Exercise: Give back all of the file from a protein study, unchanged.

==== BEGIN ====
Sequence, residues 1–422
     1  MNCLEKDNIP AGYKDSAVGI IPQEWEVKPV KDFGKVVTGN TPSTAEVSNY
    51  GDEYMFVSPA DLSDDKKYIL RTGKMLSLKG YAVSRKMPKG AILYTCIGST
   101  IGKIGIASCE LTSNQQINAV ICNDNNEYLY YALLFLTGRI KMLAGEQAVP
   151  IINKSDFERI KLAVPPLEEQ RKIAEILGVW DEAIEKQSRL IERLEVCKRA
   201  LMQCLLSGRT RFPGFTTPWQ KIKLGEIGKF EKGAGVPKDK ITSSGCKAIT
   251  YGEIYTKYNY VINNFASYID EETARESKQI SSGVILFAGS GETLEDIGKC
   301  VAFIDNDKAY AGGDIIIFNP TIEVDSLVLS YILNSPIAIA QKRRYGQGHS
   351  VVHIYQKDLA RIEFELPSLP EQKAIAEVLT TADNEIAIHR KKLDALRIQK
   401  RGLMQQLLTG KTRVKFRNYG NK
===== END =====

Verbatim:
Sequence, residues 1–422
     1  MNCLEKDNIP AGYKDSAVGI IPQEWEVKPV KDFGKVVTGN TPSTAEVSNY
    51  GDEYMFVSPA DLSDDKKYIL RTGKMLSLKG YAVSRKMPKG AILYTCIGST
   101  IGKIGIASCE LTSNQQINAV ICNDNNEYLY YALLFLTGRI KMLAGEQAVP
   151  IINKSDFERI KLAVPPLEEQ RKIAEILGVW DEAIEKQSRL IERLEVCKRA
   201  LMQCLLSGRT RFPGFTTPWQ KIKLGEIGKF EKGAGVPKDK ITSSGCKAIT
   251  YGEIYTKYNY VINNFASYID EETARESKQI SSGVILFAGS GETLEDIGKC
   301  VAFIDNDKAY AGGDIIIFNP TIEVDSLVLS YILNSPIAIA QKRRYGQGHS
   351  VVHIYQKDLA RIEFELPSLP EQKAIAEVLT TADNEIAIHR KKLDALRIQK
   401  RGLMQQLLTG KTRVKFRNYG NK